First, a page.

Enid is the home of two Masonic Lodges, the Enid Lodge #80 and the Garfield Lodge #501. The Enid Lodge has many Jewish members. Historically, Enid was home to a small Jewish congregation called Emanuel, which met at the Loewen Hotel, founded by Al Loewen, a local merchant who also served on the committee to create Phillips University. The Enid Cemetery also has a Jewish section where many of early Enid's Jewish merchants are interred, including the founders of Kaufman's Style Shop, Herzberg's Department Store, Newman Mercantile, and Meibergen and Godschalk, Enid's first clothing store. Currently, there are no synagogues or mosques in Enid, Oklahoma

Arts and culture

Park in Enid Oklahoma
Government Springs Park in Enid was originally a watering hole on the Old Chisholm Cattle Trail.
The Pioneer Family Statue by local artist, Harold Holden, outside the Cherokee Strip Regional Heritage Center.

Enid is home to the annual Tri-State Music Festival which was started in 1932 by Russell L. Wiley, who was Phillips University Band Director from 1928 to 1934. From 1933 to 1936, Edwin Franko Goldman headlined the festival. The festival takes place each spring in Enid. In the summertime, Enid's Gaslight Theatre hosts a production of Shakespeare in the Park as well as year round theatre productions. The Enid Symphony Orchestra was formed in 1905 and is the oldest symphony in the state, performing year round in the Enid Symphony Center. Enid's Chautauqua in the Park takes place each summer in Government Springs Park, providing five nights of educational performances by scholars portraying prominent historical figures. The Chautauqua program was brought to Enid in 1907 by the Enid Circle Jewish Chautauqua and is now produced by the Greater Enid Arts and Humanities Council.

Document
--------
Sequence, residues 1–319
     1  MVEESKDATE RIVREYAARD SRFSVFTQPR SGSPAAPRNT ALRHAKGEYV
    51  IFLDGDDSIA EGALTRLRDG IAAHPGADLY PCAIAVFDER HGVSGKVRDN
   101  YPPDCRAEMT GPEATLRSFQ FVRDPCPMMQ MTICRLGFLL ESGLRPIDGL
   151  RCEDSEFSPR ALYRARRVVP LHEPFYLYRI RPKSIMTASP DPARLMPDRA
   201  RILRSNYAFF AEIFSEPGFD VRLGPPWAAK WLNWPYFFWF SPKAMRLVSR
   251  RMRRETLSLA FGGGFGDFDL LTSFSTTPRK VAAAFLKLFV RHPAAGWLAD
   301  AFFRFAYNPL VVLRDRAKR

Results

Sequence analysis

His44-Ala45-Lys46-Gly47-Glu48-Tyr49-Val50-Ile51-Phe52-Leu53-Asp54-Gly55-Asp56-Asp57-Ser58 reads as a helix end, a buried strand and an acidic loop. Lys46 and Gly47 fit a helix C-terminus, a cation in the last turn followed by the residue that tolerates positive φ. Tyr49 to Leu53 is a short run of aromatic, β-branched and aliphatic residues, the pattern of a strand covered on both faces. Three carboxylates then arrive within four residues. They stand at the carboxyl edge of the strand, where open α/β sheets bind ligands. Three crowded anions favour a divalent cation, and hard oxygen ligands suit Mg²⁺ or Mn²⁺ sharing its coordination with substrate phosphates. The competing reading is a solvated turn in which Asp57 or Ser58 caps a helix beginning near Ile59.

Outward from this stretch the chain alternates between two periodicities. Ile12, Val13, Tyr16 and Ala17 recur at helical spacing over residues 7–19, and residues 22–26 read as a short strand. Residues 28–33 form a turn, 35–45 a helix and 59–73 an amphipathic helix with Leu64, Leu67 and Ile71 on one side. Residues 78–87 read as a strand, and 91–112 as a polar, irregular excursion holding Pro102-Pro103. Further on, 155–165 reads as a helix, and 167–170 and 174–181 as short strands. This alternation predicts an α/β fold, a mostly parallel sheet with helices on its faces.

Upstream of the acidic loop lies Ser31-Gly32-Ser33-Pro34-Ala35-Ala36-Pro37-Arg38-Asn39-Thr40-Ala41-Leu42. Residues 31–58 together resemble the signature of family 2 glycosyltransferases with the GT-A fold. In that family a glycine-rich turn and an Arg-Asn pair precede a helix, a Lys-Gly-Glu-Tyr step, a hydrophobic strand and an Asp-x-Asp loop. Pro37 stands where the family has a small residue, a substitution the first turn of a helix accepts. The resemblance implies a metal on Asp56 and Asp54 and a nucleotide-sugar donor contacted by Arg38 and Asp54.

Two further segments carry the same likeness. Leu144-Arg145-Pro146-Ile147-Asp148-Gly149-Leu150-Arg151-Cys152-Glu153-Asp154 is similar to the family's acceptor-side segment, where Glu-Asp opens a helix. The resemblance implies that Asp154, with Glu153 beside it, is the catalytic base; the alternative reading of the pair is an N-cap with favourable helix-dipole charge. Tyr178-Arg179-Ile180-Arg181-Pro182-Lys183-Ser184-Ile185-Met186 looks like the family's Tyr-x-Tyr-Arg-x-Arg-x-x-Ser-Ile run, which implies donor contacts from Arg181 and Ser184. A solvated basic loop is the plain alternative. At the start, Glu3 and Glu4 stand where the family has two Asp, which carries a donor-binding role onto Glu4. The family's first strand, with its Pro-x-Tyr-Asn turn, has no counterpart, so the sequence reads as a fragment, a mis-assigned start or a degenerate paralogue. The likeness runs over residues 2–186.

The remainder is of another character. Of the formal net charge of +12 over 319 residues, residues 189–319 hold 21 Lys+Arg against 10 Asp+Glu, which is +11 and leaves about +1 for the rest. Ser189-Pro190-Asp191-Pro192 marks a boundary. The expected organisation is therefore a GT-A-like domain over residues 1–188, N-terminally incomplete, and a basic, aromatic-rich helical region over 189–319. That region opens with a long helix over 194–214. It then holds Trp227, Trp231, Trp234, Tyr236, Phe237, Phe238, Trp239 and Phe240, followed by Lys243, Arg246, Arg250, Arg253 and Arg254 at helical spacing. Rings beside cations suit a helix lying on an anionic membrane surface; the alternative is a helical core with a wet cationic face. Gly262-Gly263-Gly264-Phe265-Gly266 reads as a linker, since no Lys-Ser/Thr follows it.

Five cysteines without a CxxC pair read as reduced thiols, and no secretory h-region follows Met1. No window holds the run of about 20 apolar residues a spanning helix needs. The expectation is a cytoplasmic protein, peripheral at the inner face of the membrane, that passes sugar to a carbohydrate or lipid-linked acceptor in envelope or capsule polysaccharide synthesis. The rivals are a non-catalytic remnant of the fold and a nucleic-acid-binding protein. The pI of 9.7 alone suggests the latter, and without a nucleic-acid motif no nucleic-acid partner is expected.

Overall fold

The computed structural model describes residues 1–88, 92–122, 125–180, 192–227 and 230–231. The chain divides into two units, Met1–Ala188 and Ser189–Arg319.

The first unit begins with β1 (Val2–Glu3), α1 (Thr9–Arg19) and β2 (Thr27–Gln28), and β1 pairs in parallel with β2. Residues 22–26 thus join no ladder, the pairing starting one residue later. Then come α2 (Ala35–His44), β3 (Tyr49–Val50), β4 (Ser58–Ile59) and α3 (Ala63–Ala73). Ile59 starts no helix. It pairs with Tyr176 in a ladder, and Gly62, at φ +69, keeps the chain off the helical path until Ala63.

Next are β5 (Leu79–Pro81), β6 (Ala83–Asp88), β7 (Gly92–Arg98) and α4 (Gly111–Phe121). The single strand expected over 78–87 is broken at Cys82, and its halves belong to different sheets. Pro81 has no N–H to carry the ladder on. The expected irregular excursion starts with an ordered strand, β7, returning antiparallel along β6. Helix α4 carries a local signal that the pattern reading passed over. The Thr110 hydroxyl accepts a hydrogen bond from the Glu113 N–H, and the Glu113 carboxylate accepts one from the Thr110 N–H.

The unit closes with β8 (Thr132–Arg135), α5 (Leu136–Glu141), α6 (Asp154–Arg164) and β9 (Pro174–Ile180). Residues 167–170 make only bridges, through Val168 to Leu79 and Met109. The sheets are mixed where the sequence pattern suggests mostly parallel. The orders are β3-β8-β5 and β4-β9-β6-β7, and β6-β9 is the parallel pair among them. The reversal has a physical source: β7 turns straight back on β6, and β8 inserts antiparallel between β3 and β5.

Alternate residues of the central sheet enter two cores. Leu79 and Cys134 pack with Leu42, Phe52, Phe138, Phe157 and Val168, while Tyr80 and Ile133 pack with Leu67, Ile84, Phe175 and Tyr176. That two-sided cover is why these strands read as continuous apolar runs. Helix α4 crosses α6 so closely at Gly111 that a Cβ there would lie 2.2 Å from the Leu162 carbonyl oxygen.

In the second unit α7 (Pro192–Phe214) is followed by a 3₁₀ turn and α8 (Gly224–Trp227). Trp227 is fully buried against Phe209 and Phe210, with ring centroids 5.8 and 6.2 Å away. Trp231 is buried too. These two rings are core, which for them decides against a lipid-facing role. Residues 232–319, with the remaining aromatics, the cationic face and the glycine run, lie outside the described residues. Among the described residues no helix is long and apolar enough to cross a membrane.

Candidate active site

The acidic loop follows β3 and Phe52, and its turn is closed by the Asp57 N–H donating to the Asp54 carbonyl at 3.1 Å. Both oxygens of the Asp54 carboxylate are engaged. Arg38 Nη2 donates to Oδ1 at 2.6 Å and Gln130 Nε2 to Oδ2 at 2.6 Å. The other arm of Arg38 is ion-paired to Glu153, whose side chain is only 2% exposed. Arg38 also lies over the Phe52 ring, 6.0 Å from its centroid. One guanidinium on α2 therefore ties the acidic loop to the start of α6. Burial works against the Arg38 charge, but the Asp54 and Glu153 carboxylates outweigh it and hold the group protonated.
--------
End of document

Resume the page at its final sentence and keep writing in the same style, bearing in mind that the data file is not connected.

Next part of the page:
Enid's Cherokee Strip Regional Heritage Center preserves the local history of the Land Run of 1893, Phillips University, and Garfield County, Oklahoma. The museum originated as the Museum of the Cherokee Strip in the 1970s, and reopened on April 1, 2011. Enid also commemorates its land run history each September by hosting the Cherokee Strip Days and Parade. The Humphrey Heritage Village next to the museum offers visitors a chance to see the original Enid land office and other historical buildings. Visitors to Enid's Railroad Museum of Oklahoma, located in the former Santa Fe Railway Depot, can see railroad memorabilia, explore historical trains, and watch model railroads in action. The Midgley Museum is operated by the Enid Masonic Lodge #80 and features the rock collection of the Midgley family. Leonardo’s Discovery Warehouse, located in the former Alton Mercantile building in downtown Enid is an arts and sciences museum, which features Adventure Quest, an outdoor science-themed playground. Simpson's Old Time Museum is a western-themed museum by local filmmakers Rick and Larry Simpson. The pair closed their downtown business, Simpsons Mercantile in 2006 to convert the building into a movie set and museum. George's Antique Auto Museum features the sole-existing Geronimo car, once manufactured in Enid. The Leona Mitchell Southern Heights Heritage Center and Museum records the history and culture of African Americans and Native Americans, featuring exhibits on Enid's former black schools (George Washington Carver and Booker T. Washington), and opera star Leona Mitchell. Enid also has a number of locations listed on the National Register of Historic Places.

In popular culture

Enid was ranked the 28th best place in the USA to raise a family in a 1998 Reader's Digest poll. and in the March 2004 issue of Inc. listed as one of the top 25 small cities in the USA for doing business. Good Morning America listed Enid as one of its top five up and coming areas in a January 2006 episode.

Enid Garfield Furniture